• Take it easy on the weekend. Weekends are the busiest time for most tourist activities. If possible, visit busy areas during the week and use the weekends for more relaxing activities away from the chaos. Many residents leave European cities for the country or the seaside on the weekend.
  • Don’t try to see everything. Europe is a big place with an endless list of things to see and do. If you try to see it all, you’ll end up exhausted and stressed before you even scratch the surface. Be selective with your sightseeing and take it slow.

7 – Stay Safe

Especially as a first time traveler to Europe, you may be concerned about your safety and security while traveling. Some European cities have something of a reputation for being dangerous. In many cases, this is completely undeserved, and Europe is home to some of the safest regions in the world.

Soldiers of the Royal Guard marching in Copenhagen Denmark

However, it’s still a good idea to take precautions, especially in highly touristed areas. Certain parts of cities like Rome and Paris especially can carry a high risk of petty crime like pickpocketing, and it’s important to remain aware of this when you travel.

Common sense situational awareness will take you a long way. Here are some tips to keep yourself safe:

  • Take care on public transport. Pickpockets often operate on busy trams and buses where they can go unnoticed. Keep your wits about you and remain conscious of your valuables.
  • Don’t carry a ton of cash. There’s no reason to carry a considerable amount of money in Europe, and getting robbed while doing so can turn a frustrating loss into a trip-ruining disaster. It’s best only to carry what you’ll need for that day.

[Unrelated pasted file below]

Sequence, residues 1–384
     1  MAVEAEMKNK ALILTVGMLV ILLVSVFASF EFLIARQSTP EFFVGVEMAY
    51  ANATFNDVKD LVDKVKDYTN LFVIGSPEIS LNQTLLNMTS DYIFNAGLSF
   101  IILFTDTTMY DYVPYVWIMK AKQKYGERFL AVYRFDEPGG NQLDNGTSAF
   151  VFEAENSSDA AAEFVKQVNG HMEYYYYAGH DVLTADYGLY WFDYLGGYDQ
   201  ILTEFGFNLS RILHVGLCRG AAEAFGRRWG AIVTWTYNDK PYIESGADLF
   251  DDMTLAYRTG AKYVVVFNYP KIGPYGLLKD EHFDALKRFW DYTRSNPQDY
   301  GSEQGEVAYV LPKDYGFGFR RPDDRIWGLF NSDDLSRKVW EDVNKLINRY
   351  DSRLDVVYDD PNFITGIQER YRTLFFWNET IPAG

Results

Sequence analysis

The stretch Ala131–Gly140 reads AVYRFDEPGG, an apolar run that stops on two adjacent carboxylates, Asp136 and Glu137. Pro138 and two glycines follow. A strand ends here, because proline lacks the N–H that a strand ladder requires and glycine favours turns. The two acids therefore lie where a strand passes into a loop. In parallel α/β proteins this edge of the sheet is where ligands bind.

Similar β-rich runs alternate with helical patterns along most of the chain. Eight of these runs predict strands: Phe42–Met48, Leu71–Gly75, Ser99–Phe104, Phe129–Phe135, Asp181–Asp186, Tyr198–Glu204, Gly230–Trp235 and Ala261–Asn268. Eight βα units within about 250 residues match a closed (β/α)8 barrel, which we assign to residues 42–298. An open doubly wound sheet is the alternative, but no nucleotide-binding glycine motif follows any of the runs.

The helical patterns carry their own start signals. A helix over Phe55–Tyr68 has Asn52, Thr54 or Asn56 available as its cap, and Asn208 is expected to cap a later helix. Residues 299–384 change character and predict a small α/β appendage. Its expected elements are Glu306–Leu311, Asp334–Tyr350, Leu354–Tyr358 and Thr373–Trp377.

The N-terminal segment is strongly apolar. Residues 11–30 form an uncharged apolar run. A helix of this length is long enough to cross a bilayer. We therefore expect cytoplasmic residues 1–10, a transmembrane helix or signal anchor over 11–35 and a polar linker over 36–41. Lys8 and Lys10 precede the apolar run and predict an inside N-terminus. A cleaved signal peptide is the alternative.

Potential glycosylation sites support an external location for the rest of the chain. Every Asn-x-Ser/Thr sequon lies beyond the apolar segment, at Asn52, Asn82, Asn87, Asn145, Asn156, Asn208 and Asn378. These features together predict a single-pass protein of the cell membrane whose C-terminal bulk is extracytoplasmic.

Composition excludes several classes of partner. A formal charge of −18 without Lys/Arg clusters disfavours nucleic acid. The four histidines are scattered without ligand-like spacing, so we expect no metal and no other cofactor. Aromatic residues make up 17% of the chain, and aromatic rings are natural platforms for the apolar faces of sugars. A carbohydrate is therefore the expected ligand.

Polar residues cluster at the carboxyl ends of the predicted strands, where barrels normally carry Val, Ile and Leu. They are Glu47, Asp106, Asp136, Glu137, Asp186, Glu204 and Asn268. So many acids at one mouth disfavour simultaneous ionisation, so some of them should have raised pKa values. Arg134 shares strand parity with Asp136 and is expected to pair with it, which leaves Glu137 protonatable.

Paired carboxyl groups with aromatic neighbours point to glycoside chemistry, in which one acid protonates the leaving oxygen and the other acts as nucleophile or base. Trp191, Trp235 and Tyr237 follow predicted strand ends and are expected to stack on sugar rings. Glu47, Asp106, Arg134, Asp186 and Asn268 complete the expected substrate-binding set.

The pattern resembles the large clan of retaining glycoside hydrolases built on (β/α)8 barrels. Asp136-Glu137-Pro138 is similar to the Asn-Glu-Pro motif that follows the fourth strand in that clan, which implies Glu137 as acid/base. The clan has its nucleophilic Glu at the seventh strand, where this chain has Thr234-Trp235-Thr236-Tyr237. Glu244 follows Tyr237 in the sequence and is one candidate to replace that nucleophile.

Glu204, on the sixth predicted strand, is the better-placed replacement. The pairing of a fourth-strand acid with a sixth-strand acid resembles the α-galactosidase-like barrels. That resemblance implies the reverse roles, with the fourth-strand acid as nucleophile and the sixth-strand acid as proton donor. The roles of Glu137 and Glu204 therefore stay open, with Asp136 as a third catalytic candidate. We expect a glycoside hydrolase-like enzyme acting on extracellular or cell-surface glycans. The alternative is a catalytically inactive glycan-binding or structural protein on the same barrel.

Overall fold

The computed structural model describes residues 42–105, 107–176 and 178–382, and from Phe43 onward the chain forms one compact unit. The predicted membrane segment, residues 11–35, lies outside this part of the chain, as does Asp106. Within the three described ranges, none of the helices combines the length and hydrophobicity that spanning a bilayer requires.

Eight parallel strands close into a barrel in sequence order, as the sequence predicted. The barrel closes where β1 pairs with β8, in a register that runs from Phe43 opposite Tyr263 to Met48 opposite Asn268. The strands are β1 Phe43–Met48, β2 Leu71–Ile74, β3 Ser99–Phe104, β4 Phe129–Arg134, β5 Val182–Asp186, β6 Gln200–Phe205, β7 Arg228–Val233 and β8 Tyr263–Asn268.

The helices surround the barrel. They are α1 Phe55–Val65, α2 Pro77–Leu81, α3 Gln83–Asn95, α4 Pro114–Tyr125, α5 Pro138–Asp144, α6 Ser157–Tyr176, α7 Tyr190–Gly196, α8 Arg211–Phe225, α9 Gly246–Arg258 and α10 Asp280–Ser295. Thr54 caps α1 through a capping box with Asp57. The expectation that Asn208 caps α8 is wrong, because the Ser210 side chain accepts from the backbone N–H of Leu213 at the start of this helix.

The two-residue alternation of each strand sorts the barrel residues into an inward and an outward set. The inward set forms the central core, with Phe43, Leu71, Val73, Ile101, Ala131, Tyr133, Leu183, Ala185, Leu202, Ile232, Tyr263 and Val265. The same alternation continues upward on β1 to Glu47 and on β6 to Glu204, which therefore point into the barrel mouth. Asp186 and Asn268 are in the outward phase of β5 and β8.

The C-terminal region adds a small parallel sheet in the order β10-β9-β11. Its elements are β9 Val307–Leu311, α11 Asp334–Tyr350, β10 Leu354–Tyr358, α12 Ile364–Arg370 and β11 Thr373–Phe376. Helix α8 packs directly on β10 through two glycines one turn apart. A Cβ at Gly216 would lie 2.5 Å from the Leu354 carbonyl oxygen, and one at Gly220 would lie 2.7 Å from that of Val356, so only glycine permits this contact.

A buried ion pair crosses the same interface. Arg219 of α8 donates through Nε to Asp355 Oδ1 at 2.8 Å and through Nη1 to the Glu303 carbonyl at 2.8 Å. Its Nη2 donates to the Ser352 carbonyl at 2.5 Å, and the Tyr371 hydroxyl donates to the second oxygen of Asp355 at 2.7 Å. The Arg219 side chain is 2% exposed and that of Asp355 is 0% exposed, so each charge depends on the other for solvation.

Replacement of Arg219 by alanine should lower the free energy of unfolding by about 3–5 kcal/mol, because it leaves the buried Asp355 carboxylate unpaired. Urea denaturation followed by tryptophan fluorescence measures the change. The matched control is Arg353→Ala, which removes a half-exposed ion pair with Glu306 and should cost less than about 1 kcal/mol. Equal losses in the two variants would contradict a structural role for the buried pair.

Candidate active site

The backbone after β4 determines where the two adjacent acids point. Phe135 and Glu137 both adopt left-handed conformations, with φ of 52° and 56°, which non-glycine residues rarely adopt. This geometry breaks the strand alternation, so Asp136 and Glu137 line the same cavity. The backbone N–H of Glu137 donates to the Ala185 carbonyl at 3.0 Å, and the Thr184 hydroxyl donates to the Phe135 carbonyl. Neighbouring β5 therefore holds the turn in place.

• Find out which areas to avoid. Ask your hotel staff or local friends which parts of town are best avoided. Take care in unfamiliar neighborhoods, and avoid walking around alone after dark.
  • Have a backup. Make photocopies of your documents, keep digital files in your email account, and store your unused credit cards in your hotel room’s safe, if it has one.

Remember that millions of people visit Europe every year and have no problems whatsoever. Exercise necessary precautions, but don’t let a fear of crime spoil your trip or discourage you from setting off in the first place.

8 – Use Public Transport

European countries, as a rule, have much better public transport infrastructure than North America. They’re smaller, more compact, well-connected, and getting around is often astonishingly affordable.

Many cities offer the option to buy a day pass or a 72-hour pass, providing you with unlimited access to public transport during that time. These are perfect for short-term visits and can add up to an impressive saving. Remember, you will likely need to scan or clip your ticket to validate it while you ride. 

You might worry that public transport is only for locals, but most European cities have tried to make them as user-friendly for tourists as possible. Popular sightseeing stops are usually marked in English, and announcements may be in English as well as the local language.   

As a first time traveler in Europe, you may worry you will get lost on the metros and trains. Bear in mind that even if you get disorientated on the public transport, it is very simple to hop off at the next stop and back track. Train and station attendants will also help you, and many speak English.

A tram winds through the streets in Munich, Germany

If you like being more active, public bicycles are another great way to get around. These are also often extremely affordable, and provide more freedom than trams and buses. Another option is simply to walk around. European cities are typically much more walkable than their North American counterparts. Pounding the pavements can be a great way to really experience a new place.